URUMQI, China -- A week has passed since an explosion caused about 80 casualties at a railway station in Urumqi, once again bringing the world's attention to the capital of China's troubled Xinjiang Uighur Autonomous Region.
Police have continued on high alert across the country since the April 30 blast. It was another in a string of violent incidents that Chinese authorities blamed on Uighur militants. Outbreaks of violence linked to problems concerning ethnic minorities in the country show no sign of ending. A knife attack took place on May 6 at a railway station in the southern Chinese city of Guangzhou.
Xinjiang is ruled by China's Han ethnic majority and there is a need to know what is actually happening to the minority Uighur group amid the ongoing confusion.
German automaker Volkswagen opened a new plant in the city's economic and technological development zone surrounded by sand dunes last August. "The plant was constructed after clearing a mountain of sand," said a security guard at the factory. It now sits on a 60,000-square-meter site.
Volkswagen spent 2 billion yuan ($321 million) on first-phase construction of the plant. The factory currently has 400 employees. Volkswagen plans to increase the number to around 1,000 by the end of this year, while 20% of current workers are from ethnic minorities such as the Uighur community.
The plant went online with an annual production capacity of 50,000 vehicles. It assembles the Santana sedan. Volkswagen plans to expand the factory at an early date to boost its annual production capacity to 300,000 vehicles.
The new silk road
Volkswagen became the first major automaker to set up operations in the Xinjiang region. Volkswagen CEO Martin Winterkorn has said that the Urumqi factory will become a base to cultivate the western Chinese market. Urumqi is thought to be the most inland city in the world. It has developed as an oasis town in the desert since ancient times, and now has a population of about 3.5 million.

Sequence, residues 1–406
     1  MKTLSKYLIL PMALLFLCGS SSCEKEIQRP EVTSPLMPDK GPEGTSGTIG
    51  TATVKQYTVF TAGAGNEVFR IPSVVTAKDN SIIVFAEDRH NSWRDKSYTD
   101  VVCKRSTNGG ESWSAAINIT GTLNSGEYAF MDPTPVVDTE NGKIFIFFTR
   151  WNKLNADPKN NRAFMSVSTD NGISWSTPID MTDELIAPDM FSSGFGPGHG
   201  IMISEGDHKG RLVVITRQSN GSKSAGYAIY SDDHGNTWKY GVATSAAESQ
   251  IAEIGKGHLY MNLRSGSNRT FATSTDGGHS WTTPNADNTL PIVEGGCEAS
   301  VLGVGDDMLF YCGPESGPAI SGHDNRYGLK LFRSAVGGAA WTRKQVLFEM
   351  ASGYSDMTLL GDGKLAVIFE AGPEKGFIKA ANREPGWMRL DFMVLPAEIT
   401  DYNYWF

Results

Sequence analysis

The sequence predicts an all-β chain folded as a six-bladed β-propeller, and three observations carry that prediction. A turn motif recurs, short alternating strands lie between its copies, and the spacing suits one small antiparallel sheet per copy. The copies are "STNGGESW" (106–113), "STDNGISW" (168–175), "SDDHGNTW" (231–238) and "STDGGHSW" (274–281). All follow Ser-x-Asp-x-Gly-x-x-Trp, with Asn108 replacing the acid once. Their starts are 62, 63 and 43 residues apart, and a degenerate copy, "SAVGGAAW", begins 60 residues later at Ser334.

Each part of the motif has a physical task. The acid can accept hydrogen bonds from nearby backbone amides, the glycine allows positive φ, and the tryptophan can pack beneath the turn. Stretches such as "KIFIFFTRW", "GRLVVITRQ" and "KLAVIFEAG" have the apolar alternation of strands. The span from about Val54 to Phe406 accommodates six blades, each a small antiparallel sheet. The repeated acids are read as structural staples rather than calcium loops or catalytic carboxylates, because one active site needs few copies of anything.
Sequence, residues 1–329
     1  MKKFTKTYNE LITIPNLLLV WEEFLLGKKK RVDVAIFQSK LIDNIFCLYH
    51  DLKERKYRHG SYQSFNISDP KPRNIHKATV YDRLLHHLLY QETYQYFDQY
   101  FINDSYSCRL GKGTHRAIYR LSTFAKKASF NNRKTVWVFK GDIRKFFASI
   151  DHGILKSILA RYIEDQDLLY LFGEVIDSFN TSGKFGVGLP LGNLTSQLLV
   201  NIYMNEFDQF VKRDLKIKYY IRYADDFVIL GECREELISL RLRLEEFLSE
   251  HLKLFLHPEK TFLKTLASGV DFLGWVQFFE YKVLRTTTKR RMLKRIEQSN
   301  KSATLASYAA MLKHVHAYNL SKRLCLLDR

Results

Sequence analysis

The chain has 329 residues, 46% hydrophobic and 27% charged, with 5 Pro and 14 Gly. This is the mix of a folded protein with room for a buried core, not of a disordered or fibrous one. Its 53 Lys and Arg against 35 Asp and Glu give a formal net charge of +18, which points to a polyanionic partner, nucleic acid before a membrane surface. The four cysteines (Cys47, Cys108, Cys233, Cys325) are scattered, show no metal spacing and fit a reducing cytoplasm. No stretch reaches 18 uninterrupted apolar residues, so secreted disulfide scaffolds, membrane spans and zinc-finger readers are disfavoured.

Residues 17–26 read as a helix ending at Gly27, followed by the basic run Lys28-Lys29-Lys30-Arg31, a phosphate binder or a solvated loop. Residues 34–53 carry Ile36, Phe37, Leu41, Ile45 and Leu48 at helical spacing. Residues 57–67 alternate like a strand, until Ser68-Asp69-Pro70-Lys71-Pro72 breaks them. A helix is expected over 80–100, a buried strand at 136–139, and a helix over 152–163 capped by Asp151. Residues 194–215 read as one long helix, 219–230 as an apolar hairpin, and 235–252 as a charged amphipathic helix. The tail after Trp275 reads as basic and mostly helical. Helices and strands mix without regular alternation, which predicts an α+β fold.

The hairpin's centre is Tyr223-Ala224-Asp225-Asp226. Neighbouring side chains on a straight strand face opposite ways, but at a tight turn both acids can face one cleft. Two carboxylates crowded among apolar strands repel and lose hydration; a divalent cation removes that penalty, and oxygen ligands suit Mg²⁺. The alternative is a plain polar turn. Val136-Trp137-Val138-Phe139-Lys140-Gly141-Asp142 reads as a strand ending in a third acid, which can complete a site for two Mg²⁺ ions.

To the west of Urumqi are resource-rich Central Asian countries such as Kazakhstan and Kyrgyzstan. A cargo railway linking Chongqing, a major Chinese southwestern city, to Europe via Urumqi opened in 2011. The city is an important connection on a modern silk road crossing the Eurasian continent. This strategic location has attracted Volkswagen and other foreign companies to Urumqi.
U.S.-based Coca-Cola and major Chinese construction machinery maker Sany Group have also set up plants within the special development zone. Some Japanese companies, including Sekisui Chemical and Sapporo Breweries, have also established business footholds in Urumqi.
"Urumqi has developed significantly in the past 10-odd years," said a Sekisui Chemical official.
There is a cluster of high-rise buildings in the central area of Urumqi. Except for the dry climate peculiar to desert areas, there is little difference in its appearance to the streets of big Chinese coastal cities such as Shanghai and Beijing.
Many youths can be seen wearing luxury brands such as Gucci and Prada on the streets of Urumqi. But a careful look quickly reveals that they are mostly Han Chinese. The Chinese government has pushed ahead with its policy of "Han-ization." While touting the benefits of economic development, the Chinese government has also imposed the education of Han characters on all other ethnic groups.
Forty-two ethnic groups, including Hui and Kazak as well as Uighurs live in Urumqi. But those enjoying the affluence so far, are mostly Han Chinese. Lined up just behind high-rise buildings in the city are rows of mud-brick houses belonging to poor Uighurs.
Several Uighur people complained about their situation in English at a mosque that Chinese President Xi Jinping recently visited during an inspection tour of Urumqi.
"Please don't use the phrase 'economic development.' Look at us," they said.